Publications by authors named "Zdenek Vana"

2 Publications

  • Page 1 of 1

Highest ambulatory speed using Lokomat gait training for individuals with a motor-complete spinal cord injury: a clinical pilot study.

Acta Neurochir (Wien) 2020 04 24;162(4):951-956. Epub 2019 Dec 24.

Department of Orthopedic Surgery, Radboudumc, Nijmegen, the Netherlands.

Background: Motor impairment and loss of ambulatory function are major consequences of a spinal cord injury (SCI). Exoskeletons are robotic devices that allow SCI patients with limited ambulatory function to walk. The mean walking speed of SCI patients using an exoskeleton is low: 0.26 m/s. Moreover, literature shows that a minimum speed of 0.59 m/s is required to replace wheelchairs in the community.

Objective: To investigate the highest ambulatory speed for SCI patients in a Lokomat.

Methods: This clinical pilot study took place in the Rehabilitation Center Kladruby, in Kladruby (Czech Republic). Six persons with motor-complete sub-acute SCI were recruited. Measurements were taken at baseline and directly after a 30 min Lokomat training. The highest achieved walking speed, vital parameters (respiratory frequency, heart rate, and blood pressure), visual analog scale for pain, and modified Ashworth scale for spasticity were recorded for each person.

Results: The highest reached walking speed in the Lokomat was on average 0.63 m/s (SD 0.03 m/s). No negative effects on the vital parameters, pain, or spasticity were observed. A significant decrease in pain after the Lokomat training was observed: 95% CI [0.336, 1.664] (p = 0.012).

Conclusion: This study shows that it is possible for motor-complete SCI individuals to ambulate faster on a Lokomat (on average 0.63 m/s) than what is currently possible with over-ground exoskeletons. No negative effects were observed while ambulating on a Lokomat. Further research investigating walking speed in exoskeletons after SCI is recommended.
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http://dx.doi.org/10.1007/s00701-019-04189-5DOI Listing
April 2020

Evaluation of the effect of heel lift on postural stability and symmetry of muscle activity.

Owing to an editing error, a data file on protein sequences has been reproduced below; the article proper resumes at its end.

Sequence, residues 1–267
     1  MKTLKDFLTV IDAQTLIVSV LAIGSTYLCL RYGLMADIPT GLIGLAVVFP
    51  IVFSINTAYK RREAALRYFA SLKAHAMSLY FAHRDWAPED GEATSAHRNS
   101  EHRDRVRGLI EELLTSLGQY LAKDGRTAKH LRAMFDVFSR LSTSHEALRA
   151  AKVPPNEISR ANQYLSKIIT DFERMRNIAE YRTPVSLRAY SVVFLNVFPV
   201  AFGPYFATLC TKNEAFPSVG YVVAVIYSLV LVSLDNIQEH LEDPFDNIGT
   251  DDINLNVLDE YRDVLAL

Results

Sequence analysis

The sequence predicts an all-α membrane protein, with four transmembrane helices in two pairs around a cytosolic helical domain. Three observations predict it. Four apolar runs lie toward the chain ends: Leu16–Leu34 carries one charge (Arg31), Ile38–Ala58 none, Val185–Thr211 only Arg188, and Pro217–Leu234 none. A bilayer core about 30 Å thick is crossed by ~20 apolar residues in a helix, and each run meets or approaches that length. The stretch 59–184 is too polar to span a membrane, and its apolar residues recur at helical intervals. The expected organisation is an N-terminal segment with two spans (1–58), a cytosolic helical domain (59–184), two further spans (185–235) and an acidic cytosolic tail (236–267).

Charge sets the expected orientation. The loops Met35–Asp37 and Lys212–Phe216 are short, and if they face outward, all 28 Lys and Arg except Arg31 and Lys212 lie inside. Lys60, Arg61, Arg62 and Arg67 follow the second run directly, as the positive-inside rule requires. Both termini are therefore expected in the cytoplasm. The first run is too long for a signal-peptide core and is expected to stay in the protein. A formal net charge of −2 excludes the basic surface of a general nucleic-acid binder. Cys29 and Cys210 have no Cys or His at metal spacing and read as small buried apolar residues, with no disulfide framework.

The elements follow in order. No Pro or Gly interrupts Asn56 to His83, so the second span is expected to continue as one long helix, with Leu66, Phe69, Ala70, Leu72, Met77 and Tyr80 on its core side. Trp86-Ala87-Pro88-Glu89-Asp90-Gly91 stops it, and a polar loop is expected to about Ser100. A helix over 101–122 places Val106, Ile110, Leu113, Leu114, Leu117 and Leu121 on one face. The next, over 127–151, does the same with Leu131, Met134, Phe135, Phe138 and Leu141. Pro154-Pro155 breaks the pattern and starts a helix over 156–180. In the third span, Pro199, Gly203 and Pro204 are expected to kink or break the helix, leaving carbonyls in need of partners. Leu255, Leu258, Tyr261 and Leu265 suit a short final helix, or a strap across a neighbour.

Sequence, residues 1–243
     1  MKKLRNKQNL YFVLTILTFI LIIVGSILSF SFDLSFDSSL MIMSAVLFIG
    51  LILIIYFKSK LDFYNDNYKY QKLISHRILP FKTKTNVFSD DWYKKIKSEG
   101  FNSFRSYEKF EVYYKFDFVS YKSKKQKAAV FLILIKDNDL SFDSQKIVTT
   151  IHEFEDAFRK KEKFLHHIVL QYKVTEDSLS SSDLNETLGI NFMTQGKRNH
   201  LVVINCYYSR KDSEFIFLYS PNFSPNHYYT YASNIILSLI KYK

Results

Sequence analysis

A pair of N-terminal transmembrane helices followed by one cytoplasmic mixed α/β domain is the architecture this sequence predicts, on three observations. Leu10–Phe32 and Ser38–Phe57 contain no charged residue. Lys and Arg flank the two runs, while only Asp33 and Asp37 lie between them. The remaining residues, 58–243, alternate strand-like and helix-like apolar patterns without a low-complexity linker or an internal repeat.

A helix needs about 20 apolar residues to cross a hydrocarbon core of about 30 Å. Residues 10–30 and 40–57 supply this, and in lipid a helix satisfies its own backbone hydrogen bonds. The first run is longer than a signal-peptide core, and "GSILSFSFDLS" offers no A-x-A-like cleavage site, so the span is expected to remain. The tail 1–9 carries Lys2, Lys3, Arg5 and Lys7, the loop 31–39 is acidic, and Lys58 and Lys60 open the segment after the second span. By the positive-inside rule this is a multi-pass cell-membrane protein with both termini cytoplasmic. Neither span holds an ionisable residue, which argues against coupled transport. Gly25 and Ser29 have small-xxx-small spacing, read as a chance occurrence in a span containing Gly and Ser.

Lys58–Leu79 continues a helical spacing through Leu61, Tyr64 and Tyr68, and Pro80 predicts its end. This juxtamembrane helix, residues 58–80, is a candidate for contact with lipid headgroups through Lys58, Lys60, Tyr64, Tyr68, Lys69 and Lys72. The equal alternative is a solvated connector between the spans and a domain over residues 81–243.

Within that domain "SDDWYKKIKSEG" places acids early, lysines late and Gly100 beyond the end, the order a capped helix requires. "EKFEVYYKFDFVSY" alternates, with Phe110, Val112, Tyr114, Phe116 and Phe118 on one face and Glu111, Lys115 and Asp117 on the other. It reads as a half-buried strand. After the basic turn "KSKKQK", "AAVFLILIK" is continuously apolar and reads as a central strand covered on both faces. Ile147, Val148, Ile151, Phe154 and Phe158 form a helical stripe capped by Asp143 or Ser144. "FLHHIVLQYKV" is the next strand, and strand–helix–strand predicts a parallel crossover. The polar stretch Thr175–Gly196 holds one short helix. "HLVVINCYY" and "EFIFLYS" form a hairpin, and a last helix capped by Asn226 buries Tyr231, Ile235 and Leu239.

J Back Musculoskelet Rehabil 2017 Sep;30(5):1037-1044

The Rehabilitation Center Kladruby, Kladruby, Czech Republic.

Background: Although a leg length inequality (LLI) has the effect on the performed movement, more complex indices for the evaluation of kinematic variables of postural stability and a symmetry of a muscle activity during standing in subjects with the LLI were never used before.

Objective: The objective is to present appropriate parameters for an evaluation of kinematic variables of postural stability and muscle activity during standing, i.e. to consider EMG signals, in patients with LLI.

Methods: New indices are offered, such as a sway velocity (i.e. the mCTSIB method) and a modified symmetry index (SI), for a quantitative evaluation of EMG signals. The set of data for evaluating the effect of a heel lift was measured on patients with the LLI and healthy volunteers.

Results: Prior to the heel lift application, significant statistic differences were found between the mCTSIB of patients and the CG. These differences were no longer statistically significant after the heel lift was applied. As for the SI, the lowest values were found in the CG, while the greatest values were collected among patients before applying the heel lift.

Conclusions: The results point out the benefits of using the newly applied indices in patients with the LLI. Both methods may become useful tools for the evaluation of the physical state of patients with the LLI in a medical practice.
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http://dx.doi.org/10.3233/BMR-169616DOI Listing
September 2017
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